Two-year simultaneous records of N2O and NO fluxes from a farmed cropland in the northern China plain with a reduced nitrogen addition rate by one-third


Given the common problem of fertilizer overuse, agronomists are calling for a reduction of the high nitrogen dose by 1/3. We carried out a field experiment over two full winter wheat–summer maize rotations in the North China Plain (NCP) to determine whether this degree of nitrogen reduction will significantly reduce the emissions of nitrous oxide (N2O) and nitric oxide (NO). Three treatments were investigated in the field trial: a control with no nitrogen application, the conventional practice with nitrogen over-application and the optimal practice with a reduced dose of nitrogen by 1/3. Our observations across all treatments over the experimental period reveal significant correlations of the fluxes of either gas with soil temperature and moisture as well as the concentrations of soil ammonium, nitrate and dissolvable organic carbon. There were strong correlations within the functions of the dual Arrhenius and Michaelis–Menten kinetics, giving apparent activation energy values of 40–97 and 59–92 kJ mol−1 for N2O and NO fluxes, respectively. Our results provide annual direct emission factors of 0.48–0.96% for N2O and 0.15–0.47% for NO and demonstrate a significant correlation between N2O emission induced by fertilization and fertilizer nitrogen use efficiency (NUE). The correlation indicates a significant potential of N2O mitigation via enhancing NUEs. A reduction in the nitrogen dose did not obviously mitigate either the annual NO emission in both rotations or the annual N2O emission in the second one. However, nitrogen reduction significantly decreased the annual total N2O emission by 38% during the first rotation. These inconsistencies in the responses of N2O emission to the reduced nitrogen dose can be attributed to improper fertilization practices, such as broadcasting urea prior to heavy rainfalls or irrigation events during the maize season, which implies a need for further fertilization practice options/techniques in addition to the reduction of nitrogen doses.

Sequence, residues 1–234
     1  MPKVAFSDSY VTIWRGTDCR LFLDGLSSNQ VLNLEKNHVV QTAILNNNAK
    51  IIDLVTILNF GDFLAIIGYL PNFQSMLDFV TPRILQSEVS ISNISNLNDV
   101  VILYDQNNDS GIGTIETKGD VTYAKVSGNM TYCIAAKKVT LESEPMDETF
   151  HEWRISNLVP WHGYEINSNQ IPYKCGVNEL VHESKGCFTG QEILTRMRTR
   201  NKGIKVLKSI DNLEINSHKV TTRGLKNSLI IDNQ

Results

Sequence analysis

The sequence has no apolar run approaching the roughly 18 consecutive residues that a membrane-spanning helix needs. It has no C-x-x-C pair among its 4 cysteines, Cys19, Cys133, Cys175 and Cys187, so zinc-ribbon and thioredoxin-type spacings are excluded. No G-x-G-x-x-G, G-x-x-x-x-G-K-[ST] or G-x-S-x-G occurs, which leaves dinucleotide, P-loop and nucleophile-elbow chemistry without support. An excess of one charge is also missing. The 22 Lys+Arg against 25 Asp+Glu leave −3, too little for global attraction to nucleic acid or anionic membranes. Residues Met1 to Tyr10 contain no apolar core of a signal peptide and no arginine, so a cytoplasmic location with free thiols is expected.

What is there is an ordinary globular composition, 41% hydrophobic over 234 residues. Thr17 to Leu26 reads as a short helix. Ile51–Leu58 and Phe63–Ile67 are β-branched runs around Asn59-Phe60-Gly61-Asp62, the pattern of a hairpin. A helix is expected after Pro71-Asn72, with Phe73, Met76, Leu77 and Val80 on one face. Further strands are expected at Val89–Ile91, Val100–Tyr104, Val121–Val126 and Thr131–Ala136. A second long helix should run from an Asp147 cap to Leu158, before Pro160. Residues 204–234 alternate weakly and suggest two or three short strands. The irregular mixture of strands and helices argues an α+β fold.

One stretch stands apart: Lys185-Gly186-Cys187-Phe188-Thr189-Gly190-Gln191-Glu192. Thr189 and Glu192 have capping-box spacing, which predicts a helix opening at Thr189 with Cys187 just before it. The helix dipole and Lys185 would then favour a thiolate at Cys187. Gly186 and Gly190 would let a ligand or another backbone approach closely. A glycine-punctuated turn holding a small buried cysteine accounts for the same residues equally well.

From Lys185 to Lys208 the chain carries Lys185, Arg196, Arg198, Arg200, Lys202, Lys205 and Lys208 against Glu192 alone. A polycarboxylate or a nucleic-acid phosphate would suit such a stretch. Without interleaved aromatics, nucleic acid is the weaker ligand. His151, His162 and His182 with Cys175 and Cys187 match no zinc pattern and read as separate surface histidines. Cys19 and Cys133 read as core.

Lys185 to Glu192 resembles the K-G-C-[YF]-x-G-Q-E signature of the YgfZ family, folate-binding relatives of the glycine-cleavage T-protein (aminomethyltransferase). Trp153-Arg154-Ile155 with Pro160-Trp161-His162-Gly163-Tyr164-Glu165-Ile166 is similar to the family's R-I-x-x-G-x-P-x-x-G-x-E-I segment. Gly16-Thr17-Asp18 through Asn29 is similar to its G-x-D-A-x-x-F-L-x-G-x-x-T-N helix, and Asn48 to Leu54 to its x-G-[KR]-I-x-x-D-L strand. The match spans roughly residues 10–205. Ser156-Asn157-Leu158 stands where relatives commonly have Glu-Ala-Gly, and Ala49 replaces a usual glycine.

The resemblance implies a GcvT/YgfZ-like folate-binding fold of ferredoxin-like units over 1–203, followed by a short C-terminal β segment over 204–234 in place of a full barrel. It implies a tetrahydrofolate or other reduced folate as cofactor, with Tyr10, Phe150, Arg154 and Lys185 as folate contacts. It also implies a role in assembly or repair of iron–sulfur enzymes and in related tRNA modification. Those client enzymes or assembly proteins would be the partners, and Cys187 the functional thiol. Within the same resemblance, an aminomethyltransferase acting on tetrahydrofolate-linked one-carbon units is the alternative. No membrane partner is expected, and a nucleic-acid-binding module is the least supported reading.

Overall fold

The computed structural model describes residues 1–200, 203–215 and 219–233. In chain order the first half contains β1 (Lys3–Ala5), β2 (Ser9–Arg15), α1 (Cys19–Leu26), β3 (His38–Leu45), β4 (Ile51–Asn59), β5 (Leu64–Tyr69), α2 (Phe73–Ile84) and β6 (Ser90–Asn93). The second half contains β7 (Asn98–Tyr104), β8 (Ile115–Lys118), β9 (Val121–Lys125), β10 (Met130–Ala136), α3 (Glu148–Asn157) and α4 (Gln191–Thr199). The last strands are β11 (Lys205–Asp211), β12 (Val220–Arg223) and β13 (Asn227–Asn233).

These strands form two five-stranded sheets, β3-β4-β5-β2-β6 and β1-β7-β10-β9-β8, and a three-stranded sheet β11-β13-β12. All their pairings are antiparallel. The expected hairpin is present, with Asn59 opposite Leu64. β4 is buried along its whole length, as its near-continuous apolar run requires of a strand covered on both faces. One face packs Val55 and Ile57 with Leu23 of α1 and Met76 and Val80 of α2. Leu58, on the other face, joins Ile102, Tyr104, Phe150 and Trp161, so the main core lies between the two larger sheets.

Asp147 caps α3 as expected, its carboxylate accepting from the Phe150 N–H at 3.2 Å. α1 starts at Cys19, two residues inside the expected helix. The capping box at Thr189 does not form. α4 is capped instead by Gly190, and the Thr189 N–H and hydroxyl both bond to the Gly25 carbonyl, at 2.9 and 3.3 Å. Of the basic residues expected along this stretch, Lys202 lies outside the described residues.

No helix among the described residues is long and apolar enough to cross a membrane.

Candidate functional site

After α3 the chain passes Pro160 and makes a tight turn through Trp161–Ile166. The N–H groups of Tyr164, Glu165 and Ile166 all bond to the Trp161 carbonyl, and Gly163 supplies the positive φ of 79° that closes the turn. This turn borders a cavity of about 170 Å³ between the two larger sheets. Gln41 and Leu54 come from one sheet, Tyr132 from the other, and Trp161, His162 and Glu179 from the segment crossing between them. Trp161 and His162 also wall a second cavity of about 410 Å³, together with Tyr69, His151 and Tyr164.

Earth Systems Research Center

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Agriculture, Ecosystems & Environment



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